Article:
Friday, November 14, 2014

what I have learned

I finished over 250 hours of Spanish classes last week.  Besides learning more Spanish (and I feel like I have learned a lot), I have learned some things that should help me be a better teacher.
1.  If my student doesn't understand, it doesn't mean that they are not trying.  Some days at the end of class I was more than ready for a break.  I wanted to learn the concept, but sometimes I just needed more time to understand.
2.  A positive teacher-student relationship is very helpful.  I really liked my teacher, so I was more motivated to work hard and try to understand.
3.   Context and prior knowledge are really important.  When a sentence or word is not in a broader context, I sometimes have no idea what it means.
4.    Practice, practice, and more practice is so necessary.  I am more fluent than I was eleven weeks ago, but I need lots more practice to get better and build my confidence.
5.   The manner in which correction is done makes a big difference.  It is necessary to correct, but one teacher I had made me want to quit talking because I was afraid that I was going to make a mistake.
6.   Tests can shake a student's confidence.  I did not have any tests until my last day, but I was nervous about taking that test.  I was afraid I would forget everything and do poorly, disappointing both my teacher and myself.  Thankfully, I did well.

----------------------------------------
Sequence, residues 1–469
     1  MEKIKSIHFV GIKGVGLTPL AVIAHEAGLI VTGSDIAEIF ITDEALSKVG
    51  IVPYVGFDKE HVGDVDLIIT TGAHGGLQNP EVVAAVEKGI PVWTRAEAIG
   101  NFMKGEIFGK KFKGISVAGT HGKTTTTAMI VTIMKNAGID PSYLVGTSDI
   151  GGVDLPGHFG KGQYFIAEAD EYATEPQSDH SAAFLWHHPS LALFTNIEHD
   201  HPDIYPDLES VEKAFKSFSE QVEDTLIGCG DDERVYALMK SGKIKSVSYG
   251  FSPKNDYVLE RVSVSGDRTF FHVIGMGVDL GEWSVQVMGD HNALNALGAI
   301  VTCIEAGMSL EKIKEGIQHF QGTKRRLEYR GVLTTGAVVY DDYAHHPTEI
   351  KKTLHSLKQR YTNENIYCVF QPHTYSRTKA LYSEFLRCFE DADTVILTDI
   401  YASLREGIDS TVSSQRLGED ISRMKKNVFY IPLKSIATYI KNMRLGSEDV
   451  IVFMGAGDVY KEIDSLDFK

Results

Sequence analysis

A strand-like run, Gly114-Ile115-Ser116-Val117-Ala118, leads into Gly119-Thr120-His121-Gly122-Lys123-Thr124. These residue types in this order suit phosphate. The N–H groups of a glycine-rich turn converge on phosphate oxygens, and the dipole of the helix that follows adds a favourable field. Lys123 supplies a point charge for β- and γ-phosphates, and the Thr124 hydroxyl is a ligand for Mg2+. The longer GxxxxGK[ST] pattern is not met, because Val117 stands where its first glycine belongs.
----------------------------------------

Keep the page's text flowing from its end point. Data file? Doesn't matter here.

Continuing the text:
7.   Build on a student's interests when possible.  I like to write, so when I got to write stories and in my journal, it didn't seem like a chore.  My speaking practice centered around topics I was interested in.  One day my teacher brought in an article about a well known author because she knew I liked to read.  All these things helped me stay engaged in the learning process.


Anonymous said...

My professors in grad school often said we need to let our own language learning experience inform our teaching. It sounds like you've come to a similar conclusion. It's a good idea to take notes like this that you can refer back to.

Don said...

Your mind is much like a muscle. You can work very hard at a language concept, and toward the end you will feel almost the same limp feeling of an overtrained limb. You will feel that you are actually forgetting, and will be discouraged. The next session, your concept will perform itself with ease you could not predict. There will be easy days and difficult days, and you will not be able to predict which day will be what,nor will you be able to set up a schedule so as to perform particularly well on any particular day.In the long run you will be amazed, but on the day to day axis it will be a jagged series of seeming near failures and seeming success. The reality is that you are in training. Just being there is success.

Audrey said...

Clair, I just got caught up on your blog. Sounds like you are learning much and having new experiences . I am keeping you in my prayers. I pray for your safety. A Audrey

Shannon said...

Interesting observations. In regards to testing, you experienced firsthand how it can shake your confidence-- do you have any advice on how to overcome that barrier? Have you thought about how you could apply this experience to your classroom? I spent my entire education being nervous about tests, especially about the most important ones (i.e., GRE). Dylan likes testing and doesn't seem to get nervous. For him it is an opportunity to move forward.

Janr said...

What a great list of insights; you will become a very memorable teacher with this understanding. :)